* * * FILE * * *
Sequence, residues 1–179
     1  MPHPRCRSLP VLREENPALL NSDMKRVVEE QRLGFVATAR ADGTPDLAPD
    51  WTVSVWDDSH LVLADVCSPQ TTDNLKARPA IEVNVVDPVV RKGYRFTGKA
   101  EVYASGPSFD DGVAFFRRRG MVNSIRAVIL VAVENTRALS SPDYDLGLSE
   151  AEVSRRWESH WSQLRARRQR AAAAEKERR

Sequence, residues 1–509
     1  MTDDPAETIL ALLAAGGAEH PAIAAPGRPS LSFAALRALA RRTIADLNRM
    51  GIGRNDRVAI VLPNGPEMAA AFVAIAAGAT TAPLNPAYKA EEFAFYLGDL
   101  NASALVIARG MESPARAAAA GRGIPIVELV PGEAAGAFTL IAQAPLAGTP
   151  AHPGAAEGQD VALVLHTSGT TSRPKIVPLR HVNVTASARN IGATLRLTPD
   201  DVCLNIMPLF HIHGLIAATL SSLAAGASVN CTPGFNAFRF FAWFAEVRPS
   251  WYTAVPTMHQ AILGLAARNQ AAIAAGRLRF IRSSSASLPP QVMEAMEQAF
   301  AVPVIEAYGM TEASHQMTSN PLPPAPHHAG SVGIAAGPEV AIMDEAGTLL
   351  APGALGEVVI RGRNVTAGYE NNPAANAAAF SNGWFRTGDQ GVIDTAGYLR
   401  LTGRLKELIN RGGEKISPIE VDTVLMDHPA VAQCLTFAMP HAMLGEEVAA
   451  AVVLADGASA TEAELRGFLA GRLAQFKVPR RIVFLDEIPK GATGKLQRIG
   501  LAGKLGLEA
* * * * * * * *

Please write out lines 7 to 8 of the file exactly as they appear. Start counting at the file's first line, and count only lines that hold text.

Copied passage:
     1  MTDDPAETIL ALLAAGGAEH PAIAAPGRPS LSFAALRALA RRTIADLNRM
    51  GIGRNDRVAI VLPNGPEMAA AFVAIAAGAT TAPLNPAYKA EEFAFYLGDL